Microglosse - Animaux extraordinaires du ZooParc

Palm cockatoo

Probosciger aterrimus

IUCN status
Least concern
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Microglosse - Animaux extraordinaires du ZooParc

« This crested parrot is able to raise the feathers on its head »

Palm cockatoo or great black cockatoo

A territorial bird with a unique display.

The palm cockatoo is part of the Psittacidae family and is also called the “great black cockatoo” because of its charcoal-coloured plumage. In contrast, this bird’s featherless cheeks are bright red and can change colour depending on the bird’s mood, stress levels, or health. Its black beak is hooked and relatively short which allows it to crack seeds and nuts, which it is very fond of. This crested parrot is able to raise the feathers on its head and often does so in the morning, during territorial displays. This morning routine consists of vocalisations and striking hollow trunks with a nut, a stone, or a stick, with wings outstretched!

Microglosse - Animaux extraordinaires du ZooParc

Did you know?

New leak for one of our palm cockatoo

A two-in-one video

In this new “Un Œil en Coulisse”, head to the great black cockatoo aviary to experience 2 special events: an enrichment offered to cockatoos and the installation of a new prosthesis on the beak of one of the females!

Studying palm cockatoo subspecies

For many years now, the Beauval Nature Association has been conducting a research project, in collaboration with the Muséum d’Histoire Naturelle, to determine the exact numbers of different palm cockatoo subspecies held in Europe.

Microglosse - Animaux extraordinaires du ZooParc
Microglosse - Animaux extraordinaires du ZooParc
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Least concern

Learn more about the species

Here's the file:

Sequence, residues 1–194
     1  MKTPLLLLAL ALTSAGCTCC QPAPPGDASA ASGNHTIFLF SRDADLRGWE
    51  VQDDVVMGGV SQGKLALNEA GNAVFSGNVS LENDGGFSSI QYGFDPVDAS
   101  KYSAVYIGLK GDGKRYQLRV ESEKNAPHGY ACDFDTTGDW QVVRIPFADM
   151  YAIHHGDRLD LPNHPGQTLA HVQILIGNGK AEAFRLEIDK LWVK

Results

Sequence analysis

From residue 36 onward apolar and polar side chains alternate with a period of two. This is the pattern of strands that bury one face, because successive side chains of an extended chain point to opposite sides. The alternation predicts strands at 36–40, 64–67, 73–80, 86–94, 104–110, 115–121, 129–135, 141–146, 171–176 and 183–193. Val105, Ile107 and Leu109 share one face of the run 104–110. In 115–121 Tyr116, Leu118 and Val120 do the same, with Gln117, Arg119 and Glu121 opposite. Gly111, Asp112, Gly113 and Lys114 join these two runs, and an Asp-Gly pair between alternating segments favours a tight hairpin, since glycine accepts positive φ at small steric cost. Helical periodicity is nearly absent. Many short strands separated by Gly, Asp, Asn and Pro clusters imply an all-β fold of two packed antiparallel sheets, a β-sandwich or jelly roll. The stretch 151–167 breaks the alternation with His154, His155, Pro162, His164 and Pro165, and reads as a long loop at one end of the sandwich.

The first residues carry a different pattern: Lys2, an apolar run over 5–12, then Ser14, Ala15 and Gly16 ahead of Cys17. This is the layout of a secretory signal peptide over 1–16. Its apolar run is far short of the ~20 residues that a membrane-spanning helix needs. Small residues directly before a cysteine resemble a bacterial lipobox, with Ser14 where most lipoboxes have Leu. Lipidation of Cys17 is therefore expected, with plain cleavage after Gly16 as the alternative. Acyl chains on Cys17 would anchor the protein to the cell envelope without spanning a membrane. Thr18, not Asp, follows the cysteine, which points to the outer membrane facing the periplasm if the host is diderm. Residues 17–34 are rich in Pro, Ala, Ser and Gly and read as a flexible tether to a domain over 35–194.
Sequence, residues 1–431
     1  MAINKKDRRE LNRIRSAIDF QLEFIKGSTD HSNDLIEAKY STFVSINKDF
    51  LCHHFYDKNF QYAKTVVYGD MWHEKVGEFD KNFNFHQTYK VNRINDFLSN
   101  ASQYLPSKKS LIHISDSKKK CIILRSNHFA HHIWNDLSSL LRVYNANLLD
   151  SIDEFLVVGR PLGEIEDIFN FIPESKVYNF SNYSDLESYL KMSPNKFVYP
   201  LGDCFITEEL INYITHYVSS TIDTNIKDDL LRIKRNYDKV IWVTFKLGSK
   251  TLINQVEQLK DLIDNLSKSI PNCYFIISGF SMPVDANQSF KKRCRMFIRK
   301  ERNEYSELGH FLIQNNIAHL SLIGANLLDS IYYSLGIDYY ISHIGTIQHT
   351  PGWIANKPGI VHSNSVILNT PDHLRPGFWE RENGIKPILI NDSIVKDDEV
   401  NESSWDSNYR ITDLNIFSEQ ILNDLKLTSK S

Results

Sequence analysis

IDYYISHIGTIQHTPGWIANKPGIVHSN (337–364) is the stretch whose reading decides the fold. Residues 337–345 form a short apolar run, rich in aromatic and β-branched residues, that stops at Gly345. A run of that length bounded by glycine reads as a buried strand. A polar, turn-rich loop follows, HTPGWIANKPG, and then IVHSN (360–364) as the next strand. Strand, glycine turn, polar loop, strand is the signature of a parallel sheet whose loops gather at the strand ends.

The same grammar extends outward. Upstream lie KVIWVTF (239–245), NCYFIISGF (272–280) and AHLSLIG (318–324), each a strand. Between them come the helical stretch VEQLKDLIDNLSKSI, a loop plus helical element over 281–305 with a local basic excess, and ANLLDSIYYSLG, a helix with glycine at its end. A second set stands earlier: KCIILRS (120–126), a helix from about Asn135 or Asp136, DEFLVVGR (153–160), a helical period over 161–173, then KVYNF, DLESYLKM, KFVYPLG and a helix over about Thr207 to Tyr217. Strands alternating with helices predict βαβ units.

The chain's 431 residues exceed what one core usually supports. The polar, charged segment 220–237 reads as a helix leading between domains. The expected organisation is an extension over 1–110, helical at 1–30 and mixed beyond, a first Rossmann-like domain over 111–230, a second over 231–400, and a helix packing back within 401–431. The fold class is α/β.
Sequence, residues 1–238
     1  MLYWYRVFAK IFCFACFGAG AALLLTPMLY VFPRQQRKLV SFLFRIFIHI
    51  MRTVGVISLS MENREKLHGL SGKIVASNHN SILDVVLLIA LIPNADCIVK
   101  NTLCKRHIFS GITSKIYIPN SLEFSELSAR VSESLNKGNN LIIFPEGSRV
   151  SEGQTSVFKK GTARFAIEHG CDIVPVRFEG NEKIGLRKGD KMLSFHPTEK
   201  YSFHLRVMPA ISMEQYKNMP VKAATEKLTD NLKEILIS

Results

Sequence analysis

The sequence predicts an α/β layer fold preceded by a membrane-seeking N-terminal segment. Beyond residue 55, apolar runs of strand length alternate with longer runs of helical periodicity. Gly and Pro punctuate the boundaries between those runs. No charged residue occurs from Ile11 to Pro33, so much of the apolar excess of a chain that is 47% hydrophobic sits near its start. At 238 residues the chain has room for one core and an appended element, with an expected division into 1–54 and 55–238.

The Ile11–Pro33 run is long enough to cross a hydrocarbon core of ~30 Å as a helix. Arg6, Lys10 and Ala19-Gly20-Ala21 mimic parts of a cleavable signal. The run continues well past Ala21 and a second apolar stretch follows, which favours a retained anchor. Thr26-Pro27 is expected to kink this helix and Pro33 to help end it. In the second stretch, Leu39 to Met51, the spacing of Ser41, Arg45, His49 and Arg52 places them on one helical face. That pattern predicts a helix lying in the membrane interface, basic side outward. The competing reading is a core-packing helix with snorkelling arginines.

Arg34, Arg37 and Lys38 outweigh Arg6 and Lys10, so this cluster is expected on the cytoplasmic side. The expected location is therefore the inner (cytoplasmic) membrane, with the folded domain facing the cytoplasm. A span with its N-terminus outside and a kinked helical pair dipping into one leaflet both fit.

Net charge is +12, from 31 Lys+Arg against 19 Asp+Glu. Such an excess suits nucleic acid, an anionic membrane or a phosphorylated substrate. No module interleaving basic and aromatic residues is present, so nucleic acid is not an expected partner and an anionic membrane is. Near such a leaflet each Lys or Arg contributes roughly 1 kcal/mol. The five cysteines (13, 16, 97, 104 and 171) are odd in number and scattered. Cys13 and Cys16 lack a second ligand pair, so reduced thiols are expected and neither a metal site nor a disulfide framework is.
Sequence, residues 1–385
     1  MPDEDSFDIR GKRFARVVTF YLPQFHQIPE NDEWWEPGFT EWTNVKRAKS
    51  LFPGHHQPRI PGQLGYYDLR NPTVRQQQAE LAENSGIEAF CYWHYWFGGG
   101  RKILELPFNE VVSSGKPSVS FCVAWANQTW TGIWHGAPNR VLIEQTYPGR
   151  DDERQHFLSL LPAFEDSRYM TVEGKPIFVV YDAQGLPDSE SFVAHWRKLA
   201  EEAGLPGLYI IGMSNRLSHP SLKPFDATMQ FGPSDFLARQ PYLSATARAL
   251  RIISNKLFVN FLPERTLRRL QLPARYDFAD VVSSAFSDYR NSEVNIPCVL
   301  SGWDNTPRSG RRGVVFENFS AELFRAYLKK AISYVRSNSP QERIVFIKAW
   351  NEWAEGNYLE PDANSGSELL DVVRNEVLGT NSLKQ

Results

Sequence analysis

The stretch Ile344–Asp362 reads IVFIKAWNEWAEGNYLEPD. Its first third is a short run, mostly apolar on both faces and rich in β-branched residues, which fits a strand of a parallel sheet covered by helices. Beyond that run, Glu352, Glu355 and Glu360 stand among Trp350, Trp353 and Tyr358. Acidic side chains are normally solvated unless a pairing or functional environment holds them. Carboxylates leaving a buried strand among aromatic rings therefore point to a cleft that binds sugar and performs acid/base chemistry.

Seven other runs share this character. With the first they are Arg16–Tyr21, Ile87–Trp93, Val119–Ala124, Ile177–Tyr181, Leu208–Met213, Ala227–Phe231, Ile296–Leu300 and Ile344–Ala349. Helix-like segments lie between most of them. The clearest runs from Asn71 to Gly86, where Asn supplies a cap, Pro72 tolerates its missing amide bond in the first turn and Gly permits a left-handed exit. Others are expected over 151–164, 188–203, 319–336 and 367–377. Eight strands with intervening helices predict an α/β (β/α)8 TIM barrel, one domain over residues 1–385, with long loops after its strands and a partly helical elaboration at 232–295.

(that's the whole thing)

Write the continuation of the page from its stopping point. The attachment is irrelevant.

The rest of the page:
Oceania, Asia
  • Diet
    Frugivore, Granivore
  • Incubation
    30 to 35 days
  • Clutch size
    1 egg
  • Habitat
    Wooded savannahs, Tropical forests
Australasia’s largest parrot
The palm cockatoo is one of the largest parrots, it can measure up to 60 cm in height. It lives in the tropical forests and wooded savannahs of Australia, New Guinea, and the surrounding islands. It spends a lot of time in the canopy, at the tops of the trees, and will travel long distances in search of food. It feeds on seeds, fruits, insects, and plants.
A sociable animal
The palm cockatoo is a sociable animal and lives in pairs or in groups of several dozen individuals. While the group is feeding, a “sentinel” is responsible for keeping watch and alerting the group with a shrill, harsh shriek if a predator approaches or if any other threat arises. Palm cockatoos use a whole range of sounds (shrieks, drumming, grunts etc.) to communicate.
Reproduction and nesting
Palm cockatoos are monogamous and stay with their partner for life. They reproduce only once a year and lay only one egg per clutch. Incubation lasts about 1 month, and the chicks will fly for the first time when they are about a hundred days old. Cockatoos cannot excavate their own nests, so they use pre-existing cavities, often in palm trees, which they reuse year after year.

Where can I see them in the park?

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